Audubon® Palm Sedge
Shipping Autumn of 2021
Of the more than 500 species of Sedges native to the U.S., one that truly stands out is the Palm Sedge. With its slim, shiny blades, arranged in a sort of fan pattern, it does look like a grove of miniature Palm Trees: In the soggy soil that it loves, Palm Sedge brings lively greenery and an eye-catching texture to the landscape. But it is more than merely ornamental! This valuable Fringe provides cover to small animals, and its seeds supply nourishment to birds. Mallards, Song Sparrows, Swamp Sparrows, and Towhees are some of the many birds that relish them.
May Benefit & Attract: Sparrows, Towhees, and mallards.
Take Birds Under Your Wing
New! Introducing our bird-friendly collection of Audubon® Native Plants & Trees
- Better for Birds, 100% Neonic-Free
- Not Available in non-native regions, states or counties (see Native Regions map)
Bower & Branch is proud to grow Audubon® Native Plants for Birds in partnership with the National Audubon Society to help birds and other wildlife thrive.
- The National Audubon Society protects birds and the places they need, today and tomorrow
- This bird-friendly native plant provides food and shelter for local and migrating birds and other wildlife
- Your purchase and planting of this native flora directly supports Audubon’s conservation mission and impact
- Learn how you can help birds in your home and community through Audubon’s Plants for Birds program
- Audubon Native Plants & Trees are free of neonicotinoids and exclusively grown by Bower & Branch
Audubon® is a licensed and registered trademark of the National Audubon Society. All rights reserved.
- Hardiness Zone: 4-9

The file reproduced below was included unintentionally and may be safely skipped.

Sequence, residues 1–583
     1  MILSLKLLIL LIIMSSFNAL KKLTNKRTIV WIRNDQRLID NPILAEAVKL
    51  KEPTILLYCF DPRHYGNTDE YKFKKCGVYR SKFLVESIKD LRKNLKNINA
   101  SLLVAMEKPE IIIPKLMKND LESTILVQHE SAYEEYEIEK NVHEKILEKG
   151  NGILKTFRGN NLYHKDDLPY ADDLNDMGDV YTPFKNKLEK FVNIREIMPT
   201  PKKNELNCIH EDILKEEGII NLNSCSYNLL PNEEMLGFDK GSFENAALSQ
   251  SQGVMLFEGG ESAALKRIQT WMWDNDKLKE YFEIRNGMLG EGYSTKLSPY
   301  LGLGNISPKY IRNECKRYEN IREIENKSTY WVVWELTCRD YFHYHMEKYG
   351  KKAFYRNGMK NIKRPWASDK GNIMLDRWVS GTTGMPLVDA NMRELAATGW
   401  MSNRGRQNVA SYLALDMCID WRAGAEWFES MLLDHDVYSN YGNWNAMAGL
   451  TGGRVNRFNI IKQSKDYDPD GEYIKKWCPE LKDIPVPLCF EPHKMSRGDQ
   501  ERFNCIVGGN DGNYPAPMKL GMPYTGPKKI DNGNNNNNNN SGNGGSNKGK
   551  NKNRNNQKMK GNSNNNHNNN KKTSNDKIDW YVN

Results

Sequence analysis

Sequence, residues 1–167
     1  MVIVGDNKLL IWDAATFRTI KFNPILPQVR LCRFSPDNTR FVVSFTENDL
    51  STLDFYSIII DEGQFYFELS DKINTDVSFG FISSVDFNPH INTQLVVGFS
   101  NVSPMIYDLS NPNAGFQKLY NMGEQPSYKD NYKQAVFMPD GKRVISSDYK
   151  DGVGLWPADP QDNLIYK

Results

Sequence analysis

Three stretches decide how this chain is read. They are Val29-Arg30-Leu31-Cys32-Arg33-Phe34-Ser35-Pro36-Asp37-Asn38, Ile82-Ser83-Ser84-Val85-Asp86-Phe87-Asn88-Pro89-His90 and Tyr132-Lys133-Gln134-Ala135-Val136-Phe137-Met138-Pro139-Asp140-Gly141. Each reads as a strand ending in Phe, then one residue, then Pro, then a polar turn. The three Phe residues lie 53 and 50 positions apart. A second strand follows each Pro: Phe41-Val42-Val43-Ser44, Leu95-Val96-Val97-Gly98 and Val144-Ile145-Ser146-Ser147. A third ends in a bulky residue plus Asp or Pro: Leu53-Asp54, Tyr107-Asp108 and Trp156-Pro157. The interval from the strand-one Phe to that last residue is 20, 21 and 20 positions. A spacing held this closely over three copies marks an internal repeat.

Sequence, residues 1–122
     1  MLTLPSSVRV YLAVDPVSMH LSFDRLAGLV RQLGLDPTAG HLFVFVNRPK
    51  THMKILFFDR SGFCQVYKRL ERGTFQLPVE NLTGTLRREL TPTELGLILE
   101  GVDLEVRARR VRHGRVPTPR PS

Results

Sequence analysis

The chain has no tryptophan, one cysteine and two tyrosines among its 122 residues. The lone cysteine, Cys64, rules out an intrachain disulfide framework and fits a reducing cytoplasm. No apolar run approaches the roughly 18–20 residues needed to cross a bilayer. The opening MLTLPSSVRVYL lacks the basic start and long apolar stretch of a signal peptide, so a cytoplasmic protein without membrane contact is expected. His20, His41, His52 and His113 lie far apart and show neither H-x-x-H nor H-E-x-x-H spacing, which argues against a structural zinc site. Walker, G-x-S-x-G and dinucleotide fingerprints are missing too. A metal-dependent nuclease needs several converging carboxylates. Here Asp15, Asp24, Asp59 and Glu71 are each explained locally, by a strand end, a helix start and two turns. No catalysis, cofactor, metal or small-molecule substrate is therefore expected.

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You may not think of grasses and grass-like plants such as Sedges to be great for the butterfly garden—their flowers are wind pollinated, after all. However, Sedges like Palm Sedge are indeed valuable to some butterflies (and moths) as food for their young. The caterpillars of many skipper butterflies, the eyed brown, and the Appalachian brown butterfly feed on native Sedge foliage. The pretty Virginia ctenucha, a moth with an iridescent blue body and a bright orange head, also lays its eggs on Sedges. Palm Sedge feeds caterpillars in much of the Midwest and north into Canada.
Grow it in a pot! Palm Sedge makes an interesting container component, either alone or with other moisture-loving plants. Keep it in a pot on your patio as a neat, low-maintenance accent.
How to Grow
Palm Sedge is easy to grow, provided you have rich, fertile soil that doesn’t dry out. Put it in a spot that receives all-day sun if you can; some shade in the afternoon will also suffice. This cool-season Fringe is in active growth in spring and fall, and it flowers in late spring. It will go dormant in winter, and you can cut it back then if you like. Palm Sedge doesn’t run as fast as some other Sedges do, but it will spread out a bit. Don’t plant delicate plants nearby.
This graphic shows the approximate size and form of the Tree you are viewing.
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